We have great difficulty getting this boy into night school, though living near us at 
the main station. Nevertheless, he was a great help both to me and to those fearful 
women, in the water; and intent to all that was said and prayed, he spontaneously said 
"Amen " with me. I thought to myself, " How much farther on he is than those newly- 
baptized women!" 

For one cause or another we got to the village less often than we hoped. One of 
our leaders is in the Bible School: a second was sick a good deal; so we felt weakened. 
The Word, however, was held forth and found its way into the hearts of forty vil- 
lagers and thirty of our boarding boys and girls, making a total of seventy added to 
the Lord during the year. 

One of our great hindrances at Vyara is sickness, and strange to say this applies 
to our native people more than to us foreigner workers. We missionaries were kept 




Village People Near Vyara. 

Head teacher at extreme right. Wife and child at extreme left. 



36 



Annual Report 



graciously and were able for work the year around. God was good to us and we 
" rejoice in the Lord always." We press into the new year with faith and hope for 
success. We mean to fulfill the conditions for success, for we know that " the Lord is 
with you, while ye be with Him; and if ye seek Him, He will be found of you; but if 
ye forsake Him, He will forsake you." 



REPORT BY EFFIE V. LONG. 

In reviewing our work of the year that has gone we always feel sad over the things 
that have been left undone, and yet there is much to praise the Lord for. Now we 
shall try to tell you, who are our supporters here, how we have spent the year 1915. 

There are only eighteen girls on the roll in the boarding-school here, but we hope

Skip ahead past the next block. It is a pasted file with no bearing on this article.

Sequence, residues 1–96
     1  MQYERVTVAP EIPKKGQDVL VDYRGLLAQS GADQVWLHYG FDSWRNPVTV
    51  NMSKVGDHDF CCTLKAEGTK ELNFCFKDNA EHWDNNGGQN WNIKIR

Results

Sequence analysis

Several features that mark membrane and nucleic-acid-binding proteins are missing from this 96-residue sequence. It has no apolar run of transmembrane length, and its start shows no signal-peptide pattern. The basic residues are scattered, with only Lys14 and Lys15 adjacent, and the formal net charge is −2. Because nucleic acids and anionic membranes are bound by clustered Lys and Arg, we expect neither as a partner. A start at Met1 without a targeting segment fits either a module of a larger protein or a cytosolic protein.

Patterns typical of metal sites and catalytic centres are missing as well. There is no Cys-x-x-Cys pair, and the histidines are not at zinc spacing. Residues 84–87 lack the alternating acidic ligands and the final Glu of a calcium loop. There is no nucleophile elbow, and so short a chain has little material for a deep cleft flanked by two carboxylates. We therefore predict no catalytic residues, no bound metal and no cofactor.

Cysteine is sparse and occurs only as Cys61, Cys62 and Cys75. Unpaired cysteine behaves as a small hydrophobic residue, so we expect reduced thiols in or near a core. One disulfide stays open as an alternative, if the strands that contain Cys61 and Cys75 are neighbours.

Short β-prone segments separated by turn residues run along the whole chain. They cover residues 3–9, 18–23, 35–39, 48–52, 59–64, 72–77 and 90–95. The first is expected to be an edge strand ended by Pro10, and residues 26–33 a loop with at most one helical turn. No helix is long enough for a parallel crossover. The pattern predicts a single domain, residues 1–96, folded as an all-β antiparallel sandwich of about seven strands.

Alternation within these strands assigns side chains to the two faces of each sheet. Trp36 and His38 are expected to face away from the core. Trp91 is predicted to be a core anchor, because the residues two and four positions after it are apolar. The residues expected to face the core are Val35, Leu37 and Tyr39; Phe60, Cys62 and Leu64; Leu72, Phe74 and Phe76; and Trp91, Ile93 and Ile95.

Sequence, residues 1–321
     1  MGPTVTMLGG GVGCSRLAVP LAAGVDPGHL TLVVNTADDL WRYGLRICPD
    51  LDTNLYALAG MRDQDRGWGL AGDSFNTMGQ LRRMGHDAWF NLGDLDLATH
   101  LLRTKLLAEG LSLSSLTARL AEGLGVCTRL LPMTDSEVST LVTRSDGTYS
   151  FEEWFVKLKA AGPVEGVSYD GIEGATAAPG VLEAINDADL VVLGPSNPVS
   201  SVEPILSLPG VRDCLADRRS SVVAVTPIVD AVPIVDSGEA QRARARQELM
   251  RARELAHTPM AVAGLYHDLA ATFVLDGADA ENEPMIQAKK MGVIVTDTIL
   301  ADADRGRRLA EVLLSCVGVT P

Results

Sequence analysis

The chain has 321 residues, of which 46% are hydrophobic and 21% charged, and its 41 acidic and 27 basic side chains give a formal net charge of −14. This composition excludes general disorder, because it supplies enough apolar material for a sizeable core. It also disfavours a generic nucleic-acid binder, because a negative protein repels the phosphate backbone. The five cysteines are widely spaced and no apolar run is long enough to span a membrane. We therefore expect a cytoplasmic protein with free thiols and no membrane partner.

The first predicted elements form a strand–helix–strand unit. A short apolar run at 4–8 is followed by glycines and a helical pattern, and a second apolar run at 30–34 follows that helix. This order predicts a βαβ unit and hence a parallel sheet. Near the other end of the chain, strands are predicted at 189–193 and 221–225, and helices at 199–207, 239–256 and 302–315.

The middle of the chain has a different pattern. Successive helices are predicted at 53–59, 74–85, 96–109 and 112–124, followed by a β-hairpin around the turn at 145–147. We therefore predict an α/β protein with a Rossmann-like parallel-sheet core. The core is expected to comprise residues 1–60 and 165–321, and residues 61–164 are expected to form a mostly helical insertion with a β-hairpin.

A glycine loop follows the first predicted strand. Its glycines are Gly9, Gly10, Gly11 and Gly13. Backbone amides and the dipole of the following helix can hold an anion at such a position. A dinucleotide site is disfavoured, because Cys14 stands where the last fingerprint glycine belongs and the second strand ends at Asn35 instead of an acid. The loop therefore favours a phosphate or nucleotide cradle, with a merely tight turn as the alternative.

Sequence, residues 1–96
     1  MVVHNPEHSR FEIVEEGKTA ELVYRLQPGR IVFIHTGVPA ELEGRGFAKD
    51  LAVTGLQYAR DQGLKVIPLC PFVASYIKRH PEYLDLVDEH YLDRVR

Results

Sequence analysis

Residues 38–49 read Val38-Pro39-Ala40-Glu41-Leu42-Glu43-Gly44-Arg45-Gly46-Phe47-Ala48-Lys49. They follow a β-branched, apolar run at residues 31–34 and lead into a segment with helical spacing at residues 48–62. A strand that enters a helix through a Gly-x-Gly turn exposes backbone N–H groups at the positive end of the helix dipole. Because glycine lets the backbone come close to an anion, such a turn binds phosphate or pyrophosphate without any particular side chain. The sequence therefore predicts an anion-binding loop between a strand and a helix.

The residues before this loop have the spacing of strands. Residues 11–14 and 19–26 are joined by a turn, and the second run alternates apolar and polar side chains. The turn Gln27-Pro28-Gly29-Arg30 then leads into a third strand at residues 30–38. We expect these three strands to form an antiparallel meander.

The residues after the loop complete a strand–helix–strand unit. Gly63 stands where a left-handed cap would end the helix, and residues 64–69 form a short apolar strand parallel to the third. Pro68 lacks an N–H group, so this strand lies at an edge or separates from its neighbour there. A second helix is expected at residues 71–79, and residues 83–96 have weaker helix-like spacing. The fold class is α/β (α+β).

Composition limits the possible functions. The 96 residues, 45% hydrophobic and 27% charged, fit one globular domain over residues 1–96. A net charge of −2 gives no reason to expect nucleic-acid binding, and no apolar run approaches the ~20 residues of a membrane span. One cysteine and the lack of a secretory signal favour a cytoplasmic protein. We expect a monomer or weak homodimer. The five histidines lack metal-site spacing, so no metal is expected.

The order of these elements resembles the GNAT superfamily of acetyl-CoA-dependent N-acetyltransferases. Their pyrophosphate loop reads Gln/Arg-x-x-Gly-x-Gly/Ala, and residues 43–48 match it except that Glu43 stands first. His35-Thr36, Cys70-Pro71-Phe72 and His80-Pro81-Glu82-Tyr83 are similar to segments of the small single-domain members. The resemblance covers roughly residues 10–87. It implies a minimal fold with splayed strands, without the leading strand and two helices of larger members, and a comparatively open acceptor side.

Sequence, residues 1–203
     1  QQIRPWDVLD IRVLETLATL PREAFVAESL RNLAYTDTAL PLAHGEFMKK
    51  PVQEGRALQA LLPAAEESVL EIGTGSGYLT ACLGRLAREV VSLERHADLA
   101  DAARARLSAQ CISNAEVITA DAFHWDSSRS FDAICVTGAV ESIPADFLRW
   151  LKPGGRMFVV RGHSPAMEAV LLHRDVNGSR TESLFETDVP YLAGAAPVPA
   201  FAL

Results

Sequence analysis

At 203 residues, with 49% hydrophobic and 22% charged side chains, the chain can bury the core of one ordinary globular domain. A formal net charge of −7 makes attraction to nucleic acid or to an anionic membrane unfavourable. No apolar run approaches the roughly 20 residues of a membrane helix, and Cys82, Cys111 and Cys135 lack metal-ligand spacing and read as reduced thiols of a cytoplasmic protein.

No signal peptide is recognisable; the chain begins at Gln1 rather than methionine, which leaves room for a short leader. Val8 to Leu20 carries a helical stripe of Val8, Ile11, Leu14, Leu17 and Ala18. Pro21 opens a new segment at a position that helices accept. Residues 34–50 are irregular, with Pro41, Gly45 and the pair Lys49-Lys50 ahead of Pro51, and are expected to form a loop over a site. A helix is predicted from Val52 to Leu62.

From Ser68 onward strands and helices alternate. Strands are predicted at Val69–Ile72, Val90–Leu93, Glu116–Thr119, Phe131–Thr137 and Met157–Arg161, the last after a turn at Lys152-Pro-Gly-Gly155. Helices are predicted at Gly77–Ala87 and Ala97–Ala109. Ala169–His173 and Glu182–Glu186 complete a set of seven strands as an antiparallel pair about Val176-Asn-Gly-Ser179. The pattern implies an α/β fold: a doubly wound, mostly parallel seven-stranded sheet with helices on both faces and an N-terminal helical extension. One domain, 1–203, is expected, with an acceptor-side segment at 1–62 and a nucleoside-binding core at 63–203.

soon to double the number when their new building is completed. We can see much 
improvement in the girls in a year's time. Nine of the girls have been baptized. Last 
year we wrote about the girls earning New Testaments by committing Scripture 







A Class in Boys' Boarding-school, Vyara. 



verses. The boys did likewise. Later, we offered Bibles as premiums for certain 
portions committed, and they took great interest. Fifteen boys and nine girls got 
Testaments, and nineteen boys and seven girls got Bibles. There are seventy boys 
enrolled in the school. 

Outside of school hours the boys work in the garden and fields, and the girls do 
housework, and sew. Besides sewing quilt blocks, they make all the clothing they 
wear, and now they are learning to make coats for the boys. The older girls can cut 
out their bodices and boys' coats. Cutting is hard for the India people, as they have 
never had an opportunity to handle scissors. The educational inspector commended 
their sewing, and last week at a fair, held in Vyara, three of our girls sat and sewed, 
and we had some of their work on exhibition. Each girl got a rupee as a prize for 
sewing. 

Looking after the sick requires no little time at certain seasons. We giv.e medicine 
to all on the compound, numbering in all about 100 people. Then the village teachers 
also come for medicine, and many come for itch and ringworm ointment. We can 
now send our worst cases to our own doctors, eighty miles away, or even call them in 
case of necessity, which is a great help. 



Annual Report 



37